"The reason we were actually able to capture this information is we interviewed the organ buyers. So this is actually how I get the vast majority of my information: I talk to the buyers of the organs and they tell me what hospital they went to, how much they paid and what the situation of the seller was. They give the information about the doctor and the brokers. So, this is how we manage to capture this information," he said.

    In the vast majority of countries, the sale of organs is illegal, he said. But then you have countries where a grey area exists: it is technically illegal to sell organs but officials, after being paid off, turn a blind eye to the trade.

    Therefore in some countries at the moment, particularly in North Africa where the rule of law perhaps is not as vigorously enforced as it might be in other countries, there is a thriving black market, he said.

    Dr. Fraser has also revealed to Sputnik that he is a kidney transplant patient himself.

    "I received a kidney transplant a number of years ago. I received my kidney legally here in Australia, but through that experience I met a number of people who travelled overseas to buy a kidney," he said.

    He further explained that patients who've had a transplant tend to communicate a lot with other patients who had a transplant. It is like a "secret club," he said.

    "The only reason I am able to get this information is because I am actually a kidney transplant patient myself. I can understand people who are facing death, so actually I've got quite a bit of sympathy for the people who are buying and therefore they tend to talk to me a lot more," he told Sputnik.

    "If you look at it from their perspective, all they are doing is wanting to survive. They are either going to die or they are going to buy an organ," he explained.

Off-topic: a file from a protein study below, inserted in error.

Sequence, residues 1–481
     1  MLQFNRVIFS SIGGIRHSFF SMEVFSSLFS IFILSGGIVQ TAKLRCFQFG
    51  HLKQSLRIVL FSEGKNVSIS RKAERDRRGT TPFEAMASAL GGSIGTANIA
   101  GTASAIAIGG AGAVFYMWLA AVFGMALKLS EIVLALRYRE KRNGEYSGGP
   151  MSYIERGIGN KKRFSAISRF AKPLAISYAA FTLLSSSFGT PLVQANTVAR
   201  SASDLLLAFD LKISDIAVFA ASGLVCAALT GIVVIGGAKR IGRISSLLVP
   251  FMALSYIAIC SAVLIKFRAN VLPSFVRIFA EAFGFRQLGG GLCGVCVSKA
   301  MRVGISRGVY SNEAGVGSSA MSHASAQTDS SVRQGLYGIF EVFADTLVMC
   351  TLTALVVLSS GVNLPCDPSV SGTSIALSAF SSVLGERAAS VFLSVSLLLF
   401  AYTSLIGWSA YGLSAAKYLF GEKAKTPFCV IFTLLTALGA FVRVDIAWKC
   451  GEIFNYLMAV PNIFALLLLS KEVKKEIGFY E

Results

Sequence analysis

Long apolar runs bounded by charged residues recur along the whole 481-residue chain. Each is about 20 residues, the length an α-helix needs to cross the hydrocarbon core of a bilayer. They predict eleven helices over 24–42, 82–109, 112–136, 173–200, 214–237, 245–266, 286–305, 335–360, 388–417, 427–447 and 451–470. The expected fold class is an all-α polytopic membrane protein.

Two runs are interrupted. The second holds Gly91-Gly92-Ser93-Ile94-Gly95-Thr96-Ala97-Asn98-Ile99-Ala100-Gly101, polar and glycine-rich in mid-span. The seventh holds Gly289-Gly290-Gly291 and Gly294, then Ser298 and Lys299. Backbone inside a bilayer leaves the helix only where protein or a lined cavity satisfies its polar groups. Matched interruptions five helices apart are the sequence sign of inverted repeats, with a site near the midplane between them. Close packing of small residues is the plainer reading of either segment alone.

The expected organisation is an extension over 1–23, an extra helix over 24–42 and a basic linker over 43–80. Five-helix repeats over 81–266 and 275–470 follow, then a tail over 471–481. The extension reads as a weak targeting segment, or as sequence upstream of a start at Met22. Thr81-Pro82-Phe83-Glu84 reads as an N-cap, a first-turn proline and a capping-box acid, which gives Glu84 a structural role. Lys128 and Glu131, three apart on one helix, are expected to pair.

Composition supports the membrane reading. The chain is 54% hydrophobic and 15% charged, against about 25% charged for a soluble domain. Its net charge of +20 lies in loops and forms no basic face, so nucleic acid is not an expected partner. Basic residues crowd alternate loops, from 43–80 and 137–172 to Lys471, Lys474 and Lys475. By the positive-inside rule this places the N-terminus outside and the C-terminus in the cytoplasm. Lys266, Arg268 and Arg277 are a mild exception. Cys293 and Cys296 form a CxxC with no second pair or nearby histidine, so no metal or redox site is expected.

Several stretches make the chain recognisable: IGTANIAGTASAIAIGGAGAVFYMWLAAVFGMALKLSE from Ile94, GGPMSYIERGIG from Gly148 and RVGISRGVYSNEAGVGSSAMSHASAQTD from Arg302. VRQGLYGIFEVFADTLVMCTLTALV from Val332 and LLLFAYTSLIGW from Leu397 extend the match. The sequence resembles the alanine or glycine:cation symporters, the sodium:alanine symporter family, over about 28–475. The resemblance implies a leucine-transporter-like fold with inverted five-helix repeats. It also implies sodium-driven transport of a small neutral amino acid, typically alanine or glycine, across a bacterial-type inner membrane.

Dr. Fraser further noted that there are two sides to the story: both the organ sellers and the buyers are equally desperate. And this is why it is so lucrative, which means the brokers can buy low and sell high, generating huge profits.

    "I tend to work more with the buyers of the organs and my colleagues in the law enforcement agencies that I share information with are looking at the sellers and the brokers. So we are looking for pieces of a jigsaw which could be put together and then we'll be able to get a fairly clear picture of what actually happened. And then we can write reports on how we see the situation," he elaborated.

    There are literally thousands of people who have received transplants in this way, Dr. Fraser said.

    The numbers are big enough for him and his colleagues to believe that organized crime, perhaps with links to terrorism, are using this as a method of serious fundraising.

    He further explained why kidneys are by far the most commonly trafficked organ.

    The reason is that it is possible to remove a kidney without harming the donor. Other organs generally require a person giving up the organ to be already dead. In addition, he said, kidneys are a lot easier to transplant.

    In smaller but nevertheless more worrying numbers, there are fears that people are being killed for their organs, he said. One of the things that they are looking at very closely is whether bodies are being found with organs missing. There have been some cases in the Middle East, he said.

    He further explained that the organs that require the death of the person giving them up are not sold on the open market, as they are not given up voluntarily as with a kidney. However the offers for such organs are very worrying, he said. There are actually people being killed for their organs, he acknowledged.